All human-caused environmental impacts stem from the nature of humanity and from technology. Thus, the task of determining environmental impacts on today’s way of human life, why we allow them to occur, and how they happen can be immense. This is especially true considering the complexities of our wants and needs and the even more complex tools that we use to fulfill these. For these reasons, it makes sense to turn to a more simplified scenario by jumping back in history several hundred thousand years to the era of pre-history, when the first humans (homo-sapiens) roamed the earth. Modern archaeology tells us that the first truly important technology that these humans developed was the use of fire. Because human wants and needs at this time period were drastically reduced from the expectations of people in today’s world, and because the costs and benefits of this technology can be analyzed relatively simply, this technology will provide an excellent example for answering the questions posed above.
The first clear evidence of the controlled use of fire dates to around 200,000 BCE. These fires would have made it possible for homo-sapiens (and possibly homo-erectus) to migrate to colder climates, increase the growth of “crops” by fertilizing and seeding the land, cook meals in order to make them more digestible, hunt more efficiently, and, eventually, provide metal tools. Considering that the work time of nearly all early humans would have been consumed entirely with hunting or gathering, the advent of fire was a huge step forward for homo-sapiens. In other words, in a cost-benefit analysis, the benefits of fire for homo-sapiens were drastic. However, at what cost? If a human-centric point of view is taken, then the costs to humans of using fire would have included: reduction of wood supplies for future fires (if the concept of sustainability was not utilized), the death of many animals when only a few were required for food, selectively changing the wildlife and plant life in the fired region, and ultimately deforestation of local areas.
At this point, we should be able to complete a cost-benefit analysis. However, the problem is that a quantitative value cannot be placed on these types of impacts. Nonetheless, this can still be boiled down qualitatively to: an increase in food supply at the cost of deforestation. This information can be used to answer the original questions. We allow environmental impacts to occur when present needs and wants outweigh what we believe to be the cost of fulfilling these needs. Technically, this is probably what the basis should be for answering environmental questions in today’s more complex world. The problem with this, however, seems to be that even in the past, we have only taken into account the present costs of an environmental impact on the present generation. The homo-sapiens of 200,000 years ago had no idea that they would be destroying entire species and driving them to extinction, merely with fire. Likewise, the people of more recent generations do not take into account the hundreds of environmental impacts that they can accrue just in one day (i.e. destroying a river that a future generation might have found useful).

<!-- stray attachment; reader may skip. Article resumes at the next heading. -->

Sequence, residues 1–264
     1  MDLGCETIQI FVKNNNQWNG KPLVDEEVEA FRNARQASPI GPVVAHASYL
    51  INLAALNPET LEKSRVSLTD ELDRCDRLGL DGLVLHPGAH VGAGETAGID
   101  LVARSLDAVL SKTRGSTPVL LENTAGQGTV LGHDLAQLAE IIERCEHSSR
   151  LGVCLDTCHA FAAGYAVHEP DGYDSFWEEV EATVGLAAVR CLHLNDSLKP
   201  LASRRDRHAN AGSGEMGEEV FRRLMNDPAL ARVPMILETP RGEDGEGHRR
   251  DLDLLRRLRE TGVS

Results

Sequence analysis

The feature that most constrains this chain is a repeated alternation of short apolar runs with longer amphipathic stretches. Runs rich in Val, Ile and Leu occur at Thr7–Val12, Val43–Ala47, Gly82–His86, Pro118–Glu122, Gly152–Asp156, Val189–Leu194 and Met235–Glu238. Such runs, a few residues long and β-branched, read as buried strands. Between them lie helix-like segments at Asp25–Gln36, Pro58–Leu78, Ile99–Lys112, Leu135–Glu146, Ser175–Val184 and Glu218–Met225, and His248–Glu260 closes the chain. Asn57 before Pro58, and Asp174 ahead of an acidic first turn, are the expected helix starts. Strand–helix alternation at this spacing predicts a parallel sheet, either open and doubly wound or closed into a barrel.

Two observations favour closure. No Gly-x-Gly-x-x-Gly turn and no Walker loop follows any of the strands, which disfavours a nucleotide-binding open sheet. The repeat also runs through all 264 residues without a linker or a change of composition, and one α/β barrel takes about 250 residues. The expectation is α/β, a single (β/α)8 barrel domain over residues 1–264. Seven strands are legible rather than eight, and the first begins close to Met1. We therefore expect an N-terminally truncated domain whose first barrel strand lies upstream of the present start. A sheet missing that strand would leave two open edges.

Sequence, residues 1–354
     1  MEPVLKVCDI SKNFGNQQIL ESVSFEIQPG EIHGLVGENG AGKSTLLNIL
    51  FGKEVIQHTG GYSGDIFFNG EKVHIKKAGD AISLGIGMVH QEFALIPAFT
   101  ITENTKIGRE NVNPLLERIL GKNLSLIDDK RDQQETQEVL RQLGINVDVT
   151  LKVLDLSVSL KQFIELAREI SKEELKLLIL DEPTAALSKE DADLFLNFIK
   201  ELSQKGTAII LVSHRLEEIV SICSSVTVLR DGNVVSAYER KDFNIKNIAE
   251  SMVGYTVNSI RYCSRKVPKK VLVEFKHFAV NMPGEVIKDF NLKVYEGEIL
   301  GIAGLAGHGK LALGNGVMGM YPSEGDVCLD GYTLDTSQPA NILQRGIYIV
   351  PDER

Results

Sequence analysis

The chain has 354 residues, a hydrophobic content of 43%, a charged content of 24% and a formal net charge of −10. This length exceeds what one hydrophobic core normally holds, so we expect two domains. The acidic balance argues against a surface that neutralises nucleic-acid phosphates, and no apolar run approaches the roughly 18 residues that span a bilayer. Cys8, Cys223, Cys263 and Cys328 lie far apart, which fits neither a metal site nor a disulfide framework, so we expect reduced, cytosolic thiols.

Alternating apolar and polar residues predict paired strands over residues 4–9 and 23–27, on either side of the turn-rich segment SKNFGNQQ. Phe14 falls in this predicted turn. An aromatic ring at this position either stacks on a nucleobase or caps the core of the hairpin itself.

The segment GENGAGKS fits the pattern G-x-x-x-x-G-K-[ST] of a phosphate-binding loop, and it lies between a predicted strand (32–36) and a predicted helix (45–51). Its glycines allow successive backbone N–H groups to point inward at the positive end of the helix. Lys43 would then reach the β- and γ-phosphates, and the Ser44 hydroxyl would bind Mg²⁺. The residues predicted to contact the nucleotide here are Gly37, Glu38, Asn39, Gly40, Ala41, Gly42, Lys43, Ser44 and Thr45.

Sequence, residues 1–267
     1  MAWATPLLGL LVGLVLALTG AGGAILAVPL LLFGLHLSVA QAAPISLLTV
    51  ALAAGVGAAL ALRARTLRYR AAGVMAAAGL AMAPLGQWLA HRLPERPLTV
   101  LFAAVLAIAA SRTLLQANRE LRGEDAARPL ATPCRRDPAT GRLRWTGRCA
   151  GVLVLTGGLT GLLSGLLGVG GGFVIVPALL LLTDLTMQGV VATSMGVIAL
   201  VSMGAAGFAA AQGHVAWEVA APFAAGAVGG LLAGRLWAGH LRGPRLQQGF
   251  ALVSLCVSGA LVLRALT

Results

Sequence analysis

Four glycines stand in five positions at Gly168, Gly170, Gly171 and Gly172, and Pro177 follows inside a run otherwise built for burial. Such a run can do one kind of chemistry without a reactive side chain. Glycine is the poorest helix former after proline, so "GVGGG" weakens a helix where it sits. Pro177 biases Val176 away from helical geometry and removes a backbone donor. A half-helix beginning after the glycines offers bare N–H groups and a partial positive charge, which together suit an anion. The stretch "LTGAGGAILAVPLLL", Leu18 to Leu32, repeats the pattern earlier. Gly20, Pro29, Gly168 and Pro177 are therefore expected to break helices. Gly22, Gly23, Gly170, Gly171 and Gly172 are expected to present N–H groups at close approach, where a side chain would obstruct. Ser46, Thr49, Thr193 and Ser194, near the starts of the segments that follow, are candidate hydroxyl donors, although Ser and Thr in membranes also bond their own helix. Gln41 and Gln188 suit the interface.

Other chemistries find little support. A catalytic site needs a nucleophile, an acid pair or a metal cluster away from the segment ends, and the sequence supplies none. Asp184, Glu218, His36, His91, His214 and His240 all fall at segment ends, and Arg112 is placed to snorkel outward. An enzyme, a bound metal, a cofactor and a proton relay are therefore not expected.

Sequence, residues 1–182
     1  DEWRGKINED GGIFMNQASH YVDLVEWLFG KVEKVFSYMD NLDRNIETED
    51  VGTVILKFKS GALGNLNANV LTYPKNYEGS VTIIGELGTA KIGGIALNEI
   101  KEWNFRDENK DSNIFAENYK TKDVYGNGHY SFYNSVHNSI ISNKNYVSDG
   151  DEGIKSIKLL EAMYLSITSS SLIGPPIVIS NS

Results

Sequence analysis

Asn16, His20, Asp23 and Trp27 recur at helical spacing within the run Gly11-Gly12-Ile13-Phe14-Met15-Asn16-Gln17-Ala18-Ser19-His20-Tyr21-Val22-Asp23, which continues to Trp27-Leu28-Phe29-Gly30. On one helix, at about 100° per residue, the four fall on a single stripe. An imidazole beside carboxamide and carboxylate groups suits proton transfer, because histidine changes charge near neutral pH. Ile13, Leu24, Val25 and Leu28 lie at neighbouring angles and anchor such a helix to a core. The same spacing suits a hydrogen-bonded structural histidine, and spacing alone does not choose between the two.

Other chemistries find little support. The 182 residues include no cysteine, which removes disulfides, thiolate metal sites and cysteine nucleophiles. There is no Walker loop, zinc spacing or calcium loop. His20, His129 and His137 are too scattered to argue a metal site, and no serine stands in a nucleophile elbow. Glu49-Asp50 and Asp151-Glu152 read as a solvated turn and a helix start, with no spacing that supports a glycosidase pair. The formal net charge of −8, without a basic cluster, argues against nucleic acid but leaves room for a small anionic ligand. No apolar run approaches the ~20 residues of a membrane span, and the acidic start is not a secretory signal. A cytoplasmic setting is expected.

It seems to me that the biggest difference between the homo-sapiens and the people of today is that the homo-sapiens changed their environment in order to survive, while the people of today change their environment for comfort. Therefore, the biggest question of all really is: is such a degree of comfort worthwhile when humanity has such a history of only taking into account present costs? For me, the answer would have to be “no.” Things of the greatest importance (food, water) should be allowed to have the greatest environmental impact, and everything else should be on some sort of a diminishing scale that is based upon usefulness. Of course, this requires a useful definition of “usefulness,” which can only be based on personal opinion. Nonetheless, the point is that the environmental impact of making and using an air conditioning unit or television is weighed in much the same way as that of food and water in a cost benefit scenario. This logic, to me, seems flawed.
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